how to transition onto new food illustration

How to switch to new puppy food

When you're ready to move to a new puppy food, make the transition slowly over a week-long period.

Labrador puppy black and white eating from red bowl

The importance of puppy nutrition

Learn how crucial your puppy’s diet is in helping them grow into healthy adults.

Sleeping Labrador retriever Puppy being passed to a young-girl

Preparing your family and pets for your puppy

There are plenty of things to consider when bringing a puppy into your household to ensure everyone stays safe and your puppy settles smoothly.

Learn the best way to introduce your puppy to children, older family members, visitors, and existing pets.

Preparing your family

How to find a vet


Finding a vet

Finding a great vet you can trust, who’ll help your puppy grow into a healthy adult, is an important aspect of being a pet owner. It’s best to find one before you bring your puppy home because they may need a check-up a day or two after they arrive.

White Poodle puppy being held by a vet

What should you consider

One of the best ways to find a good vet is to ask friends and family for recommendations. You should also consider a vet's:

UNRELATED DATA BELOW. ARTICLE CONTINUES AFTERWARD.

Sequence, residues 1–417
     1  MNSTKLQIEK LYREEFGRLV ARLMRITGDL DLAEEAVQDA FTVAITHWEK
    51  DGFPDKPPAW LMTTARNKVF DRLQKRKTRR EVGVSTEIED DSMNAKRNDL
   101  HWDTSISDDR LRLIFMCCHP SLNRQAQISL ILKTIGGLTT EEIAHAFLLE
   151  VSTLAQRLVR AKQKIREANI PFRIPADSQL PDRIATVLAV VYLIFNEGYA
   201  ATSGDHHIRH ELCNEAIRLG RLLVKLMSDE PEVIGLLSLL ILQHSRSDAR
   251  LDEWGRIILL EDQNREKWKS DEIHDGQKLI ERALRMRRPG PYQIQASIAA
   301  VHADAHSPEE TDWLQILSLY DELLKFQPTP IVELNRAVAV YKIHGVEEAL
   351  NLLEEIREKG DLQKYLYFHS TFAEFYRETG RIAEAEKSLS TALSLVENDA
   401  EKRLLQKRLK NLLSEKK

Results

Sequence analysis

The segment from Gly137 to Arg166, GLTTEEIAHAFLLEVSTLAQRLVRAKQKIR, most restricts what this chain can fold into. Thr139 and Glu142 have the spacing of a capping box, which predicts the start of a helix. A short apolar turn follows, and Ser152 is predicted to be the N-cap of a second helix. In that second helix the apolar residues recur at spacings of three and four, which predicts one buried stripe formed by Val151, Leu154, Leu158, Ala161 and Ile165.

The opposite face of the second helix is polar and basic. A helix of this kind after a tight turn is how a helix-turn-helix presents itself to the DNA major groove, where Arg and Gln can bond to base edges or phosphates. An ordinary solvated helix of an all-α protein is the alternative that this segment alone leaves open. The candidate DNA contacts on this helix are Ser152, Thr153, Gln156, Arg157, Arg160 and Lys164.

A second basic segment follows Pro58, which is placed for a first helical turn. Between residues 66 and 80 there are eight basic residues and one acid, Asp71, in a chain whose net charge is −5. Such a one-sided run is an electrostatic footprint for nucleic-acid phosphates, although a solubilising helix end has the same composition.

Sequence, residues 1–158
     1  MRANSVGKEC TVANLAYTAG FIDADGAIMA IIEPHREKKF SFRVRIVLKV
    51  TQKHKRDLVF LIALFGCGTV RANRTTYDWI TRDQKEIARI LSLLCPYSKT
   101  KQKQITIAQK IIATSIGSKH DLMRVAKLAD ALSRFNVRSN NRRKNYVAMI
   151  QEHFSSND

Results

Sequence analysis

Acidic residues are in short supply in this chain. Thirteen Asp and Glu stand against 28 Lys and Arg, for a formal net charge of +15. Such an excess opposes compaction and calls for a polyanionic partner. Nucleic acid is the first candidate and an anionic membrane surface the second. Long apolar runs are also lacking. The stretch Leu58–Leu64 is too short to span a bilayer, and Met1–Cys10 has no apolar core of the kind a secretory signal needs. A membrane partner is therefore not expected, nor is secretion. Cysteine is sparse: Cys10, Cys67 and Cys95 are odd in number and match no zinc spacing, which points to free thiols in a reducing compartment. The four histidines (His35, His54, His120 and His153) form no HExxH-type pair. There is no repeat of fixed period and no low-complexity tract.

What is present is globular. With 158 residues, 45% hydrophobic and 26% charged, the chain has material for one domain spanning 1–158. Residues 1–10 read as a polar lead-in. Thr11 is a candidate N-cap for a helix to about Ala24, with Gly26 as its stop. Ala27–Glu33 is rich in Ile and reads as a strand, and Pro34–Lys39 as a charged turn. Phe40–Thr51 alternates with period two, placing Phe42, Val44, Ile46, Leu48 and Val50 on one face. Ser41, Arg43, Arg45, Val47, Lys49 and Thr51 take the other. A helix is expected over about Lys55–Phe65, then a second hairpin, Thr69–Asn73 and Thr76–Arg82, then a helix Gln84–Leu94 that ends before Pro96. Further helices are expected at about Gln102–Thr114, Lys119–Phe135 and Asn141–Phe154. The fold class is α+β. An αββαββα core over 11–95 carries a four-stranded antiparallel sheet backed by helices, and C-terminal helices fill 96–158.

• Location – can you get there easily?
  • Premises – is it well equipped, well maintained and clean?
  • Services – are out-of-hours and preventative services available?
Puppy lying down on a table at the vets

Meet your vet first

It's worth meeting the veterinarian too before you decide so you can make sure they're a good fit for you.

Once you've chosen a veterinarian, make sure you and your family have easy access to the emergency number in case you ever need it.

Brown Labrador Retriever puppy sitting on a table being examined by a vet
Jack Russell Terrier Adult standing in black and white on a white background

Find a vet

It's important to have identified a local veterinarian before bringing your puppy home. Find a veterinarian near you. 

Dachshund puppies in black and white

Bringing home and welcoming your puppy

The first days together with your pet are a chance to create a healthy foundation for their future.